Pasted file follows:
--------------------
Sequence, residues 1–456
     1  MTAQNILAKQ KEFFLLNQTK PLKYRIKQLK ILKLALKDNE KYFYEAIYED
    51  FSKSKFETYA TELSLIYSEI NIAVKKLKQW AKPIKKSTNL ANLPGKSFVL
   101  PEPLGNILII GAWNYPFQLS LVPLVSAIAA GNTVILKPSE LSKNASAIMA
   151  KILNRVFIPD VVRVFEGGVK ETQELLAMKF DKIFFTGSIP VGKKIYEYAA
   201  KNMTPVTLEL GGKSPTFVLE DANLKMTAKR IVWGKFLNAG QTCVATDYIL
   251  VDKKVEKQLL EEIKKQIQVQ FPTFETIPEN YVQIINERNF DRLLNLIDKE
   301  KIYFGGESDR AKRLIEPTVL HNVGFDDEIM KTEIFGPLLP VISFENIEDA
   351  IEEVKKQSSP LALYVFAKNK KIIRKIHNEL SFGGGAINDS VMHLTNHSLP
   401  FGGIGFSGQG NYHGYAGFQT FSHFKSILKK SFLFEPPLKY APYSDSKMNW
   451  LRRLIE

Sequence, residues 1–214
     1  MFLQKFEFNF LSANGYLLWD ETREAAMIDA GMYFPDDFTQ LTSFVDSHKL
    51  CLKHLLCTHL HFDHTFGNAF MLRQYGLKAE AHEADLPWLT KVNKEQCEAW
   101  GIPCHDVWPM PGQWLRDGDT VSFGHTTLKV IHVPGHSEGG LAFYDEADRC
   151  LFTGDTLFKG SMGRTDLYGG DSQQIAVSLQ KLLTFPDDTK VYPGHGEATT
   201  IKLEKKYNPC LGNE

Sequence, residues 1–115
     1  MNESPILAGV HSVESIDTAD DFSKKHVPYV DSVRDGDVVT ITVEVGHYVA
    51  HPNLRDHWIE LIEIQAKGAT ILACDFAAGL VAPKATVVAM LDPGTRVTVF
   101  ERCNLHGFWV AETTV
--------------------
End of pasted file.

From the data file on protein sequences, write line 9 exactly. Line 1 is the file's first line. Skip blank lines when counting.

   351  IEEVKKQSSP LALYVFAKNK KIIRKIHNEL SFGGGAINDS VMHLTNHSLP